Nicole: Like what,

Karrah: So, um, so yeah, so, you know, that kind of continued where I was just like, I feel I never really had morning sickness. I never, like, I just was really lucky. Um, and so it was great. I had some little like low blood pressure spells early on where I was pretty dizzy, but other than that, um, really nothing of note, which was great. That is great. Um, throughout the whole thing, I kind of kept waiting for the other shoe to drop. Like I wish that I had known it was never gonna hit cuz like I was just anxious the whole time, like, oh, when am I gonna feel terrible? Ah, um, and I didn't, so I feel really, really lucky about that. Um, I, I ended up going the OB route. Okay. Um, I had considered a midwife considered like a birth center type, uh, type area, but um, I knew my husband was more comfortable with like a hospital practice and I really liked the OB that I met with. And um, I was also working in the hospital or looking to work in the hospital at that time. I can't remember exactly. But um, so it just, you know, it just kinda, yeah.

Nicole: All the things just kinda felt right to, to go that route. Okay. Yep. Okay. So what was it like being pregnant during COVID?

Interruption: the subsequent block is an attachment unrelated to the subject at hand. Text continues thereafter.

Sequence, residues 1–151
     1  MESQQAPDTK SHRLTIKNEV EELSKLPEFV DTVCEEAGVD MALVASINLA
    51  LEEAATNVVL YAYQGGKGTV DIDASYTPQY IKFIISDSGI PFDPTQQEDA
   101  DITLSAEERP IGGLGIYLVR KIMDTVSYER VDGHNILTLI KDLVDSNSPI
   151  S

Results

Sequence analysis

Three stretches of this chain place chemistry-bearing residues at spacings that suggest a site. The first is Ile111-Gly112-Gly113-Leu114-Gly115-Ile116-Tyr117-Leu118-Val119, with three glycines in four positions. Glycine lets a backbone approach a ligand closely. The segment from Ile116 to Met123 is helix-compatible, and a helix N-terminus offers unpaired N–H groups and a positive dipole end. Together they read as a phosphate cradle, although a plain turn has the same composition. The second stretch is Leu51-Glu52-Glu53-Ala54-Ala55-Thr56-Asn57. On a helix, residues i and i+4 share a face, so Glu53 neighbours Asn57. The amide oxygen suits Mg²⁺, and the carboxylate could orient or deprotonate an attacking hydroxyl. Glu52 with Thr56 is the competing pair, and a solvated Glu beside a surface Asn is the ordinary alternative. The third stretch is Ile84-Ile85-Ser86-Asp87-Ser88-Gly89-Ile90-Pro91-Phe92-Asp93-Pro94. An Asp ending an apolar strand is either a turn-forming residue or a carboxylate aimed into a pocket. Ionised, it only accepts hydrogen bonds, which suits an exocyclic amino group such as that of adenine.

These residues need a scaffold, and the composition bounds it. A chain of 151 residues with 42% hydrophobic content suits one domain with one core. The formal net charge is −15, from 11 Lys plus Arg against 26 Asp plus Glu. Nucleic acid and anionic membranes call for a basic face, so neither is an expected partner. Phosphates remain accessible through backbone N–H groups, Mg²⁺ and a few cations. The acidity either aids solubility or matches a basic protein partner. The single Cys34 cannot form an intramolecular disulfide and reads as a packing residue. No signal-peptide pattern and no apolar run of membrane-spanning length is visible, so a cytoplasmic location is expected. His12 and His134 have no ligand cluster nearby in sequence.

Karrah: It was interesting because I was working, you know, I was considered, um, like an essential worker and so, um, so that was, that was unique because right around the time I found out I was pregnant was the time that they were starting to roll out vaccines for essential workers. Um, and I was working in a shelter at the time, so I qualified and um, I didn't really have any hesitations at first, but you know, in initially there was some of this like, should you shouldn't you sure. Um, and I was just like, I think I'm just gonna do it. Um, and I think more than anything felt pressure from, you know, just other people and, and that's kind of the theme of, I guess, pregnancy and now I'm finding life with an infant is like having to kind of trust your gut and tune out all of the opinions. Yeah. Um, and so it was just kind of like, I'm just gonna do it. I'm gonna go for it. So I got vaccinated, um, pretty early, I got both shots. I got my first one and my first trimester and I think the second one was right at the start of the second trimester. Um, and re you know, never looked back really glad I did that. Uh, I did have a couple like exposures, which now it's like, we're exposed all the time, but, um, but